Guest Post by Paula from Truly Expat
Yokohama was one of the first ports open for foreign trade back in the 19th century. That is why there is such a diverse range of international spots. From the cute boutiques of France to the hustle and bustle of China, there is a little something for everyone. You will be surprised to find that Yokohama was once the hotspot for foreigners to live with an international school, foreign foods and one of the busiest train stations in Japan.
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It doesn’t matter what time of day or what day of the week this place is always busy. Discover Asia’s largest Chinatown; by roaming around and exploring the temples, shops and restaurants. Whether you sit down for Dimsum (or yum cha in Japanese) or explore the street food, this place will tickle all of your senses.
Must-try – You can not go past trying the pandaman chocolate steamed buns, which is what people head to Chinatown to taste. There are a few different types of steam buns, but the pandaman chocolate is my favorite.
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Monument of the birthplace of rugby
If you love your sport, then head over to the monument of the first rugby club. Yokohama is the birthplace of Asian rugby, introduced back in 1899 when Edward Bramwell Clark introduced rugby to his students. Rugby now is a big sport in Japan which it recently hosted the rugby world cup.
The road was established back in 1888 when visitors from abroad arrived at the Yokohama seaport where east meets west. This street will see you walking along cobbled streets and browse the little boutiques that make you feel like you are in a town in Europe. I always feel like I am in a little back street in France rather than the downtown Yokohama. Whether you try one of the many cafes or browse the many boutiques, you can’t help but see two cultures blended into one.
Must try – Uchiki Pan is the very first bakery in Japan; nothing is better than picking up some fresh pastry or two for the day.
Yokohama Country and Athletics Club (YCAC)
If you would like to watch a game of local rugby, then head over to YCAC to watch a game. YCAC is no stadium, but it does have a lovely family feel to it. Ensure you look at the website before heading over to ensure that they are playing that weekend.
Yamashita Park is a public park along the water’s edge of Yokohama. Whether you choose to come during summer and watch many young families playing in the open air or come during Sakura season when the cheery blossoms make this park a spectacular site. Grab a snack, sit on one of the benches or pull up a piece of grass and soak in the atmosphere.
Yokohama DeNa Baystars
While we are talking sports, head over to Yokohama Stadium and watch The YOKOHAMA DeNa BAYSTARS. They are a professional baseball team affiliated with the Nippon Professional Baseball Organization (NPB). Baseball is huge in Japan and the atmosphere (even if you do not understand what they are chanting) if fun to watch.
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Yokohama Cosmo World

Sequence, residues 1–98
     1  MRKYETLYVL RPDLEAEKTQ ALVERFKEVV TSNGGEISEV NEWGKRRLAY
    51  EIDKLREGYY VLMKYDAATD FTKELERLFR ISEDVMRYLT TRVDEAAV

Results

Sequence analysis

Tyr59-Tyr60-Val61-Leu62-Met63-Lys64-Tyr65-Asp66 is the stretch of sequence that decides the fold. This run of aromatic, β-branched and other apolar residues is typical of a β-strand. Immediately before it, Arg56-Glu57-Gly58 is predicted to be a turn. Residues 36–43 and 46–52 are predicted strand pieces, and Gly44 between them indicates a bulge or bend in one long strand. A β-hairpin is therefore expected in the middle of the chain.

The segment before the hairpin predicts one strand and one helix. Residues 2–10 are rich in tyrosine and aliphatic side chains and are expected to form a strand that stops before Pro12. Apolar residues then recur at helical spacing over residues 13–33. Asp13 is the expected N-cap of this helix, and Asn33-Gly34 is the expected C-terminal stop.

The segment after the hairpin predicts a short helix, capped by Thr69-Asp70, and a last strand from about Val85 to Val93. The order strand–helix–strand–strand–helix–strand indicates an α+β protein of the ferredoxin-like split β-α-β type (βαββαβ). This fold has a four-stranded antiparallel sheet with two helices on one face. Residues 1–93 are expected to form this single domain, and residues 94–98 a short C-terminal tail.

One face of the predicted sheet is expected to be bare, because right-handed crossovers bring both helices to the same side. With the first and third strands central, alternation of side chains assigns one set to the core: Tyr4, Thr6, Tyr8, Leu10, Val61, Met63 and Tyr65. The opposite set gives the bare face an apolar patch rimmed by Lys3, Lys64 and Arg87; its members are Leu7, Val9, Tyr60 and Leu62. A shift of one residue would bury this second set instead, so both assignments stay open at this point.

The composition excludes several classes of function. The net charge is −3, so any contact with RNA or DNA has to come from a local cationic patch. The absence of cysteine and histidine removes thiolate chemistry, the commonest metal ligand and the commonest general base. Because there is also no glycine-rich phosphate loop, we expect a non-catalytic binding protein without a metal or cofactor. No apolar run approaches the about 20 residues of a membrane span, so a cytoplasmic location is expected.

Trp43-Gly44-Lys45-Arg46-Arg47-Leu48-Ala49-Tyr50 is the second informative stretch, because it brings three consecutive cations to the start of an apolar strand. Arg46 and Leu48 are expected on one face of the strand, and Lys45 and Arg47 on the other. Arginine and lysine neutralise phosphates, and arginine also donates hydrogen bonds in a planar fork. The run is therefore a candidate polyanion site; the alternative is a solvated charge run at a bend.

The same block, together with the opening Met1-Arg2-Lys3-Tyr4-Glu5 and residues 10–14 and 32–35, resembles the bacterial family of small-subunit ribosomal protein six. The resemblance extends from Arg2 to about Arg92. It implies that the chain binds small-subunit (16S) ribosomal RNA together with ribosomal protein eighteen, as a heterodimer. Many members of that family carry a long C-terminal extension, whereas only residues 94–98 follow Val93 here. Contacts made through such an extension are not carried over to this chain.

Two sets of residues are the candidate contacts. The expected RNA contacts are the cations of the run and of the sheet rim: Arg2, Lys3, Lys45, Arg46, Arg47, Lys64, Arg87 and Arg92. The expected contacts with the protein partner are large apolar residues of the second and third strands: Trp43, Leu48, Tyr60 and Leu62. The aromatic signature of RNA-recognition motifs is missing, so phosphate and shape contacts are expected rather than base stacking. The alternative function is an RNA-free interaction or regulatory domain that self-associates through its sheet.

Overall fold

This place is great during the day or at night. The Yokohama Cosmo World can be found in the Minato district. You will not be able to miss it, as it is the largest clock faced Ferris wheel in the world. Although the amusement park isn’t huge, it will have enough to do to have you and the kids entertained.
Cup Noodle Museum
You do not have to be a big kid to enjoy this museum. The Cup noodle museum is an excellent place to explore where cup noodles originated. Ensure that you arrive early enough to be able to book in for a time slot to make your noodles; this is especially fun for kids (or big kids like myself). Then head upstairs to enjoy a plate of noodles from all different regions around the world.
Yokohama Bay Brewing
For those who love beer, you can not go to this little gem of a pub. It won an award at the Gold Brewers Seal 2014 in the Czech Republic. As a result their signature bay pilsner is a must. You can not dispute with the birthplace of pilsner now, can you? The founder of Yokohama Bay Brewing, Shinya Suzuki, has become quite the name internationally. He was only 30 years old when he won the Gold Brewers Seal.
Yokohama Noh Theatre
Noh is the oldest surviving theatrical art in Japan; it can be traced back six hundred years. Whether you choose to see a performance or go on a guided and non-guided tour of the theatre, this place will amaze you. It has so much detail and so much history and is well worth a visit.
Yokohama Station, which is located in the Nishi Ward, is crazy busy. It is ranked as one of the top ten busiest stations in the world. Avoid it at rush hour if possible. Unless of course, you would like to experience what it feels like to be an actual sardine. Just above this station, you will find the Takashimaya department store but also loads of little streets full of local restaurants and many boutique-style shops.
Must-Try – Nagaska Sarashina Tahei is the best soba noodles I have tasted in a long time. This restaurant has been running for over 100 years, and you can find it in Takashimaya shopping center on the 8th floor.
Yokohama at night
Yokohama comes alive at night. Whether its the bustling streets around Yokohama station or the lights being lit up in around Cosmo World or the Port, this place is so different and so pretty any time of year. Japan is so safe that wandering I have wandered the streets on my own many times. Side note the Kishamichi Promenade is probably my favorite view at night.